The finals for the 11th Annual Global Social Venture Competition took place in Berkeley on April 22nd and 23rd and what a contrast it was to the conference I attended two days prior and described in my previous post. This was an amazing competition that began with over 500 entrants from more than 30 countries. The 16 finalists presented business plans for social ventures using technology and innovative approaches to solving social and economic problems that give rise to global poverty.
I was able to see almost all of the final presentations and can attest to the extraordinary level creativity, professionalism and passion exhibited by all the teams. Ruma, the Grameen Foundation supported social venture I have been mentoring took second place. This is a micro-franchising operation that has already helped more than 2,000 poor women in Indonesia start their own businesses and lift their families above the poverty line that I have written about in earlier posts.
The first place winner of the competition was a team from Stanford University that has started a company called Re:Motion Designs. They have developed a polymer-based polycentric knee joint that can be manufactured for less than $20. In a very moving and powerful presentation they demonstrated the life-changing nature of this invention for poor amputees living in developing countries.
The winner of the Social Impact Assessment award was a team from UC Berkeley called WE CARE Solar that provides obstetric health facilities with solar power for lighting, mobile communications and essential medical devices. The innovative portable, plug and play solar-electric system they have developed is being distributed, installed and maintained by local market-based capacity and partnerships. Their product is designed to reduce maternal and infant morbidity and mortality in developing countries.
The conference also featured two excellent keynote speakers, Wilford Welch the author of a new book “The Tactics of Hope—How Social Entrepreneurs are Changing our World” and Neal Keny-Guyer, the CEO of Mercy Corps, a leading international humanitarian and development organization with operations in 40 countries. Both stressed the critical role of social entrepreneurs in creating new solutions for addressing the problems of global poverty with new approaches and solutions that bridge the efforts of traditional NGOs and government ODA with market oriented enterprises.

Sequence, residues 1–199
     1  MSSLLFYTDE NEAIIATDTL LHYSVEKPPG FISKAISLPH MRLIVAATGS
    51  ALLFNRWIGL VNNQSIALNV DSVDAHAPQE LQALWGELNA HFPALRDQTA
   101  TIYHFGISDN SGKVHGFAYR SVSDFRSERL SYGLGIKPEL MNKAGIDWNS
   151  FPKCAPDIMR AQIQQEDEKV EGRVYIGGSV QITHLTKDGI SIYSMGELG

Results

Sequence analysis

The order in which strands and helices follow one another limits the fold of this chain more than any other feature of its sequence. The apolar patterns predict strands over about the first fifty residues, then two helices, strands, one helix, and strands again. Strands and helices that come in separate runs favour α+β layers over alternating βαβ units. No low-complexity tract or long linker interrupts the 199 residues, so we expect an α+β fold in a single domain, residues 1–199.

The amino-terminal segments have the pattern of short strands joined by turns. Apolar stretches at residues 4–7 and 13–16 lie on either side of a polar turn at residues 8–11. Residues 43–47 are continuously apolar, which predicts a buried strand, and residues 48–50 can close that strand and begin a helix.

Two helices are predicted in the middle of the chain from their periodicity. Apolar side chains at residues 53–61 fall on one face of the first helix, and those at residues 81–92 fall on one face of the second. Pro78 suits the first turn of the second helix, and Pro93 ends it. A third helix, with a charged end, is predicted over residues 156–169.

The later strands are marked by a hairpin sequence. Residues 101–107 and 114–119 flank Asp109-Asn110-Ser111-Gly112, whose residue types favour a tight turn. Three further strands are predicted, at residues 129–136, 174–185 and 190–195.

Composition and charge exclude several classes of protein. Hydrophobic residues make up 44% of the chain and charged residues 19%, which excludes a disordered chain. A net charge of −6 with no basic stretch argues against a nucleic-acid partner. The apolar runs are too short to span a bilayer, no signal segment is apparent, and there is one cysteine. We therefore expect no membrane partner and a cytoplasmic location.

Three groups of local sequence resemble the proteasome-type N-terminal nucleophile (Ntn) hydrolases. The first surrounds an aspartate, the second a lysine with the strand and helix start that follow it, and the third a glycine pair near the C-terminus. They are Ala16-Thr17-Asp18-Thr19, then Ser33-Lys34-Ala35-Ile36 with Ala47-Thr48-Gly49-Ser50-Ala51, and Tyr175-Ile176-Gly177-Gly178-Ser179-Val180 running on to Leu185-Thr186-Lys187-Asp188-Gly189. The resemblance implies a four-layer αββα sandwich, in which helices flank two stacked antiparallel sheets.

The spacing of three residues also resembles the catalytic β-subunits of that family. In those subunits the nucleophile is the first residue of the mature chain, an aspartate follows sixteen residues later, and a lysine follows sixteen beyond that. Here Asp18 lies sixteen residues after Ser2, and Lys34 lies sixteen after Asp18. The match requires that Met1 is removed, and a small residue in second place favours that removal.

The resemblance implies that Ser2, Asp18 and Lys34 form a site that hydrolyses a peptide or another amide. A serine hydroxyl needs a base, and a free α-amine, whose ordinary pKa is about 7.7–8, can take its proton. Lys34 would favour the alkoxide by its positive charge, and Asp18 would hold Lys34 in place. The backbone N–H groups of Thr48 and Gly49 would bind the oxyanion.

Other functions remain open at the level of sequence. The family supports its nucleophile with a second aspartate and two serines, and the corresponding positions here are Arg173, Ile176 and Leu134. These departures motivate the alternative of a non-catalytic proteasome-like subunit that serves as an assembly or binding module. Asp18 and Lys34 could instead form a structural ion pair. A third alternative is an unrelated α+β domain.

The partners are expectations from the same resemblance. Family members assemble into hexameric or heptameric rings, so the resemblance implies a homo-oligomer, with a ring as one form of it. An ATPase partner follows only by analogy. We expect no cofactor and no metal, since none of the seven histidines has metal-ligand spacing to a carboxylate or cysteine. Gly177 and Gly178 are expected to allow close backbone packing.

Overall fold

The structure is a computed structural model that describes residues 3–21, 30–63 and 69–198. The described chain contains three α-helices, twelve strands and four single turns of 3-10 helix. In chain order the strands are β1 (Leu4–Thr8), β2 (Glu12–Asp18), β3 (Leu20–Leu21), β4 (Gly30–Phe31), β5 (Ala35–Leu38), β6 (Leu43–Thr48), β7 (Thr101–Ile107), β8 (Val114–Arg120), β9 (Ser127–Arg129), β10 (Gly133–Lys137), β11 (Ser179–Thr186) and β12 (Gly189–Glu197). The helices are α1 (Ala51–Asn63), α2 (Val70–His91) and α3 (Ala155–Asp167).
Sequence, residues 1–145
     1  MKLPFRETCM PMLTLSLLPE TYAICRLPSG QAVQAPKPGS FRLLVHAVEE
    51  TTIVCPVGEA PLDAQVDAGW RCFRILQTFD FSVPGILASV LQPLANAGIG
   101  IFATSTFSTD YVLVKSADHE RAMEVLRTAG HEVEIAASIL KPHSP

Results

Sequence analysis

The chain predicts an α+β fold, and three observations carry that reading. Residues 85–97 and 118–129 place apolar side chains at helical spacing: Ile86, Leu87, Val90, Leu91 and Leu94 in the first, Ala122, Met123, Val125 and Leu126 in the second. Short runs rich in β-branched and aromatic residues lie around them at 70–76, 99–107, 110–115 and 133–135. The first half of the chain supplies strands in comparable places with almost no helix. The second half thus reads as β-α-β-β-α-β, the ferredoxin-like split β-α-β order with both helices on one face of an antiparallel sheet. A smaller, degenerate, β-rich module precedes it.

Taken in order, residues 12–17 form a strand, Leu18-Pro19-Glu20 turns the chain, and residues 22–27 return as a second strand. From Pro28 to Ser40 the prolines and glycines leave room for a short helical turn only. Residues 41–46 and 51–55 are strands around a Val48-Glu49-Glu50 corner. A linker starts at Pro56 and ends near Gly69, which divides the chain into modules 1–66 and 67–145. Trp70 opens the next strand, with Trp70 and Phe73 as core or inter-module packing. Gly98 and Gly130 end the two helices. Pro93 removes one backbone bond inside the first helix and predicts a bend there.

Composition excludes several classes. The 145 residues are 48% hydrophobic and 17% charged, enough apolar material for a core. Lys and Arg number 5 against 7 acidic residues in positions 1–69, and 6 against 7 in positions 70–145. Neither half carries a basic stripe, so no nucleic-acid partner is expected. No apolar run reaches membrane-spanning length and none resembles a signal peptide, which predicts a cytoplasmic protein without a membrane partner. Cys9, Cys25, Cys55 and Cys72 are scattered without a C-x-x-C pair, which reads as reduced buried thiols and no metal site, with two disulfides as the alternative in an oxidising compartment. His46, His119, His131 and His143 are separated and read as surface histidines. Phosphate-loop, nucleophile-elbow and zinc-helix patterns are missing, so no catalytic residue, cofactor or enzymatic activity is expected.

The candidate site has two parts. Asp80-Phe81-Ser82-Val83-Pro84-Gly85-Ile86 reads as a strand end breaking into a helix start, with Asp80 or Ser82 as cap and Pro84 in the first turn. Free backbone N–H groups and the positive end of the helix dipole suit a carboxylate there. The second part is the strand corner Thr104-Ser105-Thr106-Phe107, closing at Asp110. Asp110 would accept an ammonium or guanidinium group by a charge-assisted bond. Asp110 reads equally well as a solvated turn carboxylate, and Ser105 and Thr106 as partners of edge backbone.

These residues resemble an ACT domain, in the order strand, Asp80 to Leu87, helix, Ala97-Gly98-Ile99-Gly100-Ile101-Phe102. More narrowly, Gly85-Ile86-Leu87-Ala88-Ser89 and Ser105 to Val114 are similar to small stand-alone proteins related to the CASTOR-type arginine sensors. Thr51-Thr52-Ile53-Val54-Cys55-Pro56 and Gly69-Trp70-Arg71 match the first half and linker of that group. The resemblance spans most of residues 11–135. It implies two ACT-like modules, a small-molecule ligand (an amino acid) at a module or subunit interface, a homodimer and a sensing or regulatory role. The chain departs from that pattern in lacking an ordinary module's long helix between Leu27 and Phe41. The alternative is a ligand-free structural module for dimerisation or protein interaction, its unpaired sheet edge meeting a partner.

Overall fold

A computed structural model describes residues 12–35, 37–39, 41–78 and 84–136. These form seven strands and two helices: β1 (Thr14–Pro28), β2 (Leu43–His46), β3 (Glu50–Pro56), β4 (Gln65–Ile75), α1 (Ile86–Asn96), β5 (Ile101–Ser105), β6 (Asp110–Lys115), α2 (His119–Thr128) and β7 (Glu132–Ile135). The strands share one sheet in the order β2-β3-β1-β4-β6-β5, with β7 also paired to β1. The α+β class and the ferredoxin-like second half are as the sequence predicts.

Wilford Welch described the role of social entrepreneurs as being primarily focused on solving social or environmental problems, “riding the boundaries” between waves of change from one paradigm and the next, looking for systemic solutions, seeking replicable and sustainable solutions, open to establishing alliance with disparate and unlikely partners, listening at the local level to the people affected by social problems and engaging in intergenerational collaboration. In fact, to this latter point, I was excited to learn that as a member of the “Encore Generation” I have a role to play in this intergenerational collaboration!
Neal Keny-Guyer also talked about the social entrepreneur reaching out to traditional NGOs with new ideas and bringing the changes that are happing in India, China and Brazil to more fragile states. He outlined the basic principles of social entrepreneurship as: putting people first; practicing the 3 Rs—Relief, Recovery and Reconstruction; doing what’s best for the local economy and seeing crisis as opportunity. He noted that prior to the recent earthquake that devastated Haiti the country had been, on a per capita basis, one of the largest recipients of Official Development Assistance. Nevertheless, the country had a very low level of self-sufficiency. The current relief, recovery and reconstruction efforts in Haiti, he noted, should be seen as an opportunity to re-build the country such that it becomes sustainably self sufficient.
In the final analysis, my take-away from both conferences is that while we need to ensure that we are doing our share in terms of providing official assistance to developing countries, this will not be sufficient to end extreme global poverty. Without the efforts of social entrepreneurs bringing innovative business approaches and developing new technologies that directly address the needs of the poor, we will not create sustainable, scalable solutions that will eradicate poverty. The passion and creativity on display at the Global Social Venture Competition is best evidence I have seen that there is hope for ending global poverty in our time.